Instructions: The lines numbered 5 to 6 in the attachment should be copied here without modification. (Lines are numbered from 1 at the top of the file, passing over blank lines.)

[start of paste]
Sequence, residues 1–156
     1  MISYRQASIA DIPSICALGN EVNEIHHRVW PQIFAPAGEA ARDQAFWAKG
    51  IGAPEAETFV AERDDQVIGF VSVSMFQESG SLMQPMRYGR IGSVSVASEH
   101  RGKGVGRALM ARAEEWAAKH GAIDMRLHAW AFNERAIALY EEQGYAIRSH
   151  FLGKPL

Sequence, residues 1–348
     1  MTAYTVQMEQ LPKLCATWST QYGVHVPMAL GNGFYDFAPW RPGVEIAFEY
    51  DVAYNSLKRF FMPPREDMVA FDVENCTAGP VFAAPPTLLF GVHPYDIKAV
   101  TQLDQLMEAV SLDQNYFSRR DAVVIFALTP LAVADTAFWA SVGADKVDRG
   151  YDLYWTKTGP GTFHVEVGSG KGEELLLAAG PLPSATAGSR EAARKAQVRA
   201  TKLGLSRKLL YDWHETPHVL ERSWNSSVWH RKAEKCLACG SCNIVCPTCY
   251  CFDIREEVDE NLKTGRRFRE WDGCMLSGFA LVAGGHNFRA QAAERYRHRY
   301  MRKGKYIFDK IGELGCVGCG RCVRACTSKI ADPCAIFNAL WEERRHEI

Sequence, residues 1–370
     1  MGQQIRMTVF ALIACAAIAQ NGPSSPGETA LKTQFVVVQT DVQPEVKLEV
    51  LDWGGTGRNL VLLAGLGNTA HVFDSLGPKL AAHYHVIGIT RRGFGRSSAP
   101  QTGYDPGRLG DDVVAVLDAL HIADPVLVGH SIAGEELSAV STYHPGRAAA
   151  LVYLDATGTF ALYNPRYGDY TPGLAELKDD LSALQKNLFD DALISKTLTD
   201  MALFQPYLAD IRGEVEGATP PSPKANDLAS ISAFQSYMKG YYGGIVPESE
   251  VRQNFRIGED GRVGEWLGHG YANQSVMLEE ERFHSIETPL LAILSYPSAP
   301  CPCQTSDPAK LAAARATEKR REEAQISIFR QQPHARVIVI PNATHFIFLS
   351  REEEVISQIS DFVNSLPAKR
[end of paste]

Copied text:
   151  FLGKPL

Sequence, residues 1–348